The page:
And centers were repackaged like the way the minivan became and SUV. By the end of the era, it was less about taking up space (DeAndre Jordan, Dwight Howard and Roy Hibbert) and more about creating space (Anthony Davis, DeMarcus Cousins and even Brook Lopez).
The game got faster, more about efficiency and saw a return to 1980s-type scoring. The game also lost rivalries due to rampant player movement and the emergence of postgame player hugs, smiles and exchanges of jerseys and sneakers.
This was the era where trash talking still existed, but game recognized game. Only fans harbored true passion against historic rivals. Players didn’t buy into that kind of tradition the same way.
But they did buy into “load management” and no one was happy about that.
It was a decade of growth, evolution and notable change. But now here’s the question: was it all for the better?
OK, so the All-Decade team seems easy enough to choose. There were 29 players who scored over 10,000 points in the 2010s and one player flirted with 20,000. Do you even need more than one guess? (Don’t worry, we’ll reveal it to you shortly.
We’re basing this team on the merit of individual success, which, I know, goes against the narrative that was developed in the ‘10s that insisted all greatness be judged on the scale of RINGZZZ.
All of the players on this All-Decade team played in at least one NBA Final and three have won multiple championships in the decade. You can certainly make your arguments to me via social media, but when I tell you the criteria was strictly individual success, it’s hard to argue with this five-man group.
So here goes:
2010 NBA All-Decade Team
Guard: Steph Curry, Warriors
No-brainer. Started the decade with questions about his size and durability with Warriors fans booing their new ownership for trading away Monta Ellis and giving Curry a big contract extension. Ended with him as a two-time MVP, three-time champion and one of the greatest shooters in the history of the game. His shooting slash-line for the 2010s is a tough standard to maintain: 48 FG/44 3P/91 FT. He also changed the game with his unlimited range, which forced defenders to go beyond the three-point arc and spawned a generation of shooters who weren’t shy to let it fly from way downtown.
Guard: James Harden, Thunder/Rockets.
Yes, I know he has come up small in a big spot with a resume of regular season stat-padding in the boxscore-stuffing D’Antoni system that makes the purists clench their fists like an Arthur meme. But when someone scores 19,500 points in 10 years (from Jan. 1, 2010 of his rookie year leading into his final game of the ‘10s on Tuesday against the Nuggets) you have to acknowledge that kind of production. No one scored more points in the 2010s than Harden. No ringzzz, we know, but he went from castaway third option in OKC to superstar in Houston. He also perfected the step-back and introduced the side-step three to the league while also confounding defenders and officials with his uncanny ability to draw fouls. Oh and, yeah, the flop, too.
Forward: Kawhi Leonard, Spurs, Raptors, Clippers
The overall total stats don’t measure up to the other players who dominated this decade, but Kawhi’s achievements are a trophy case of accolades that outshine gaudy numbers. And let’s also keep in mind he played in a team concept system in San Antonio and sat out all but nine games in 2017-18 before forcing his trade away from Gregg Popovich. And that’s when he accomplished one of the greatest feats of the decade, perhaps only second to LeBron winning a title in Cleveland, by bringing an NBA championship to Toronto. Overall, Kawhi won two championships with two different franchises, earned two Finals MVPs, one MVP and two Defensive Player of the Year honors in the decade. Not bad for the 15th overall pick in the 2011 draft.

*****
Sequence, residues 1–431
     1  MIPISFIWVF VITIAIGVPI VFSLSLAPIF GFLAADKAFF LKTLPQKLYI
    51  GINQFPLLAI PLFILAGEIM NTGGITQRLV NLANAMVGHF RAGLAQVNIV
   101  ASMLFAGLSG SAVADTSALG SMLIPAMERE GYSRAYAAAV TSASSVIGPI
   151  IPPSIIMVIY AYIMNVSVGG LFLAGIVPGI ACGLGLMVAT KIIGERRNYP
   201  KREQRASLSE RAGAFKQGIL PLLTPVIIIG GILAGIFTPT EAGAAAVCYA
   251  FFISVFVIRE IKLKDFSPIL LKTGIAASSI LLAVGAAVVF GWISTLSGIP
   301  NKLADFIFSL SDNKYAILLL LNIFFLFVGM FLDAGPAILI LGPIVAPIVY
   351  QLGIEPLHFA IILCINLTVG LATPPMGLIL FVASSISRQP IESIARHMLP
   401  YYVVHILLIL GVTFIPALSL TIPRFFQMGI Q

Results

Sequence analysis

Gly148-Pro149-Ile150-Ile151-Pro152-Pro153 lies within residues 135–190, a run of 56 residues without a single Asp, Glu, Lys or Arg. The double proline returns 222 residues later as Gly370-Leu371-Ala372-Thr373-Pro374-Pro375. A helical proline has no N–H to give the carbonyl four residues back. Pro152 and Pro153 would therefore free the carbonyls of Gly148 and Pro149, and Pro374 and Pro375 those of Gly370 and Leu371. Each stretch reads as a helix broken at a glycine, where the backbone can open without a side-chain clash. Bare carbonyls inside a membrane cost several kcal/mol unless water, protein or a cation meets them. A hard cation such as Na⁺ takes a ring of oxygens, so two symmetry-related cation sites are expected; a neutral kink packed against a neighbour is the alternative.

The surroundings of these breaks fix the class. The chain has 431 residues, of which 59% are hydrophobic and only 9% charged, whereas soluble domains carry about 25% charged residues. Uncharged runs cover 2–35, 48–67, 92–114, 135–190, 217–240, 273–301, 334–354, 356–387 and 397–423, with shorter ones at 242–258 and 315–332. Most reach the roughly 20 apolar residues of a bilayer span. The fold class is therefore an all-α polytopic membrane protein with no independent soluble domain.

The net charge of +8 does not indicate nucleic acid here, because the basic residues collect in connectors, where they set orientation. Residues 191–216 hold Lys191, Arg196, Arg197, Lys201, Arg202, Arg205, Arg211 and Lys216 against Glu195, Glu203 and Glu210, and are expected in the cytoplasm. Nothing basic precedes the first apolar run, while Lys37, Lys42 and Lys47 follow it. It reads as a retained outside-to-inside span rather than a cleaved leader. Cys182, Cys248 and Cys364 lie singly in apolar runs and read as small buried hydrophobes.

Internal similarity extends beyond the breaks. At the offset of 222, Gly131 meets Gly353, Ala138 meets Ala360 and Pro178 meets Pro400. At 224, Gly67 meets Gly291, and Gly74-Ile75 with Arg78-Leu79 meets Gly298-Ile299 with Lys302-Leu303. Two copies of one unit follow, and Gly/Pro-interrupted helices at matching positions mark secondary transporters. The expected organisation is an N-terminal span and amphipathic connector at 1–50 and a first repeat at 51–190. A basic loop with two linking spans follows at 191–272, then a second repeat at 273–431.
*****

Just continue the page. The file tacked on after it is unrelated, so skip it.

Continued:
Forward: Kevin Durant, Thunder, Warriors, Nets
The most enjoyable player to watch in the game, in my opinion. Durant plays with such an effortless, classic flow, like Rakim on the mic. He’s a Jedi Master when it comes to scoring and that’s why he won four scoring titles in the decade and despite playing almost 80 fewer games — basically an entire season — he is only just over 200 points shy of Harden for most points scored in the decade. Criticized for ring-chasing by going to Golden State to win his two titles and earn his two Finals MVPs, KD was simply an example of the player empowerment we saw, as stars took matters into their own hands. KD went where he wanted to go, not where everyone expected him to go (that includes Brooklyn). Delivered one of the trademark lines of the decade when he dedicated his 2014 MVP to his mother, Wanda, by saying “You the real MVP.” Also never afraid to enjoy his own performance in the midst of a hot streak by saying things like, “I’m nice” as he’s lighting up helpless defenders. Only thing you can really call him out for is agreeing to make that movie “Thunder Struck” in 2012.
Forward: LeBron James, Cavaliers, Heat, Cavaliers, Lakers
When he uttered those famous words — “I’m taking my talents to South Beach” — in July of 2010, the NBA was changed forever. You rarely before saw a superstar of his caliber use free agency the way LeBron did that summer and it created a new era of superteams; one built not by the team but by the players. But LeBron’s impact on the decade goes way beyond his anti-Bird/Magic/Jordan franchise loyalty. He also dominated the game with three of his four MVPs, three championships and the epic title that ended Cleveland’s generation-long run as a sad-sack sports city. It’s also worth noting only Harden scored more points in the decade while only three others — Russell Westbrook, Chris Paul and John Wall — recorded more assists. LeBron also spent most of the decade in the NBA Finals, with 8 straight appearances with the Heat and Cavs. He enters the next decade as one of the oldest players in the league and yet still very much at the top among the game’s greats. The 2010s were for LeBron what the 2000s were for Kobe Bryant, the 1990s were for Michael Jordan and the 1980s were for Magic and Bird. All that’s left is to argue if his was the greatest career in NBA history.
So did we leave anyone out? Would you replace anyone on this list with someone else? Hit me up on Twitter (@alanhahn), Instagram (@ahahnmsg) or Facebook (@KnicksFix) and let me know.